For a reviewer who has worked at home these last ten years a book written about office spaces initiated a less than excited reaction. They say never judge a book by it’s cover, or it’s title either. Chris Kane is an author, not a data programmer or fact sheet reciter. His Foreword had me hooked with the first paragraph!
For U.S. readers, it is important to note that Kane’s book mostly addresses issues that he has found in the UK, although his content is relatable to the United States as well.
In his book Where Is My Office? Reimagining the Workplace for the 21st Century Kane poses some pertinent questions as he observes his Manhattan office space which had been abandoned because of Covid-19. These are eye opening questions that should have been asked possibly well before Covid because they are answerable by a new generation working under new circumstances in an evolving environment. He sums them up in the following quote.
“Why do we carry on using offices in the way we do? How do we work differently now in comparison to 20 years ago? Why do so many of us use offices in the same way as our parents did when it is so patently outdated? What do we need to do, if anything, and how might we go about it?”
I like how Kane addresses the relationship between the landlord and the tenant. I’m not sure if this is a factor that most businesses realize. A corporation is not completely to blame for its workplace environment, not if they have to search for a building that would suit their needs. Establishing a relationship between the landowner, and the corporation about to move into the real estate is the first step to creating the perfect workplace. That ‘one size’ does not ‘fit all’ is an important concept to consider, and Kane explains in detail. He also mentions the current method of measuring office space functionality and its pitfalls, explaining the shifting landscape of real estate.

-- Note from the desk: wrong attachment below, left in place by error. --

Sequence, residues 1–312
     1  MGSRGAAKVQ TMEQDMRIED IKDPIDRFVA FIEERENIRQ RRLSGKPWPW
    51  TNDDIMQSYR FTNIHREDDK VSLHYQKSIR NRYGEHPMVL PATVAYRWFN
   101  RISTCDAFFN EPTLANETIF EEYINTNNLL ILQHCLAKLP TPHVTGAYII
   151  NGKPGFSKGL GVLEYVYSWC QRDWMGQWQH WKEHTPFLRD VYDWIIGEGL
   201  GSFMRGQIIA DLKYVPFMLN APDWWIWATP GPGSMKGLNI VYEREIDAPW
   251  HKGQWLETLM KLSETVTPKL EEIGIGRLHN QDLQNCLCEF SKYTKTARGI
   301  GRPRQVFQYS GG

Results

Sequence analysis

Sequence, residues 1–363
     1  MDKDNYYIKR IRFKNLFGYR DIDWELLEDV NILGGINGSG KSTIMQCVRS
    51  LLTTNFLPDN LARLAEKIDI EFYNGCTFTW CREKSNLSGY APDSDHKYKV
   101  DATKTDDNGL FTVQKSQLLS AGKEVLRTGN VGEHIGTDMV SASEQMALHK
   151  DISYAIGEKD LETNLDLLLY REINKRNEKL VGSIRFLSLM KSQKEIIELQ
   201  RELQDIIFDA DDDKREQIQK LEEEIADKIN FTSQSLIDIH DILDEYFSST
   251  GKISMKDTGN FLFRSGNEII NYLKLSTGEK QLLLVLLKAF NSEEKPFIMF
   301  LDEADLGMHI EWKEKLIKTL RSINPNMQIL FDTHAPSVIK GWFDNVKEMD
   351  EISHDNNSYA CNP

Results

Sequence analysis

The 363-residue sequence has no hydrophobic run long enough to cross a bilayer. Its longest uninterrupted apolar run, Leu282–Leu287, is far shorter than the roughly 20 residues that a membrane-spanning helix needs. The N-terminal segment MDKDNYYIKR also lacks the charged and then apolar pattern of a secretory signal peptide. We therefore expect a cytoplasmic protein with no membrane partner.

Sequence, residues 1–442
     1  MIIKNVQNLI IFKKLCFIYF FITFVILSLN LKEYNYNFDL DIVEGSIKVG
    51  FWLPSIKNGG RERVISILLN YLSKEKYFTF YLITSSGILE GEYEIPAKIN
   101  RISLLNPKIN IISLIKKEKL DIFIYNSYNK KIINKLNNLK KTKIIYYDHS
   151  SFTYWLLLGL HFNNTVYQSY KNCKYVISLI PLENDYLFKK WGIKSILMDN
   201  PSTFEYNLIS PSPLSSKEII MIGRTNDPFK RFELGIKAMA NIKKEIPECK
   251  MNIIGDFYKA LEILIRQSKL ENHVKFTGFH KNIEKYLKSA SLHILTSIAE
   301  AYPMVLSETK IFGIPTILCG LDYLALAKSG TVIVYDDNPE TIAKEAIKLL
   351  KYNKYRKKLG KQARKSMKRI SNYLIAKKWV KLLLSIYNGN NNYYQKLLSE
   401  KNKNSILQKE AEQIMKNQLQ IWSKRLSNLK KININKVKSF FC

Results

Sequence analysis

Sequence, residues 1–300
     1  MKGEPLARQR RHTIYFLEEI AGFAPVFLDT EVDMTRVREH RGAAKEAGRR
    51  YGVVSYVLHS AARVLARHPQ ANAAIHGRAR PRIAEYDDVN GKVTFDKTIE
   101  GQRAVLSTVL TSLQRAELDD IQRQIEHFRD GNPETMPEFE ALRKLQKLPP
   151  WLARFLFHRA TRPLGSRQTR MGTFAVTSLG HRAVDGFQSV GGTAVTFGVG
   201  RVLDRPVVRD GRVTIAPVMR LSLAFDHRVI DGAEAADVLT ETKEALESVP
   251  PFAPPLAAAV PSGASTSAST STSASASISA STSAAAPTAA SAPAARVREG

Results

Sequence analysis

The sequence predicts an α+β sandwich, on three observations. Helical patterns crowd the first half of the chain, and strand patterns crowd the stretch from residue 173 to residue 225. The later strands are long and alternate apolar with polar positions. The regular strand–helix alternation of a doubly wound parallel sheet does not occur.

Change is the law of life. And those who look only to the past or present are certain to miss the future. John F. Kennedy
Where Is My Office? Reimagining the Workplace for the 21st Century not only addresses physical office space, but lease agreements, the fact that construction uses the metric system and that there is a difference between usable space and rentable space.
Kane’s charts and graphs are interesting additions to the book and are great visuals. Much of what he writes is technical information designed for a specific target audience. It’s indeed a guidebook and one with a particular niche. That being said, it’s all inclusive and I don’t believe Kane has left any detail or concept out of this, his historic project.
Indeed, Where Is My Office? Reimagining the Workplace for the 21st Century tackles what is needed to keep businesses fluid, relationships active, and individuals and corporations alike productive.
Kane has some excellent thoughts, and as was mentioned, covers probably everything one needs to know concerning the efficiency of work space. Well thought out and developed book worth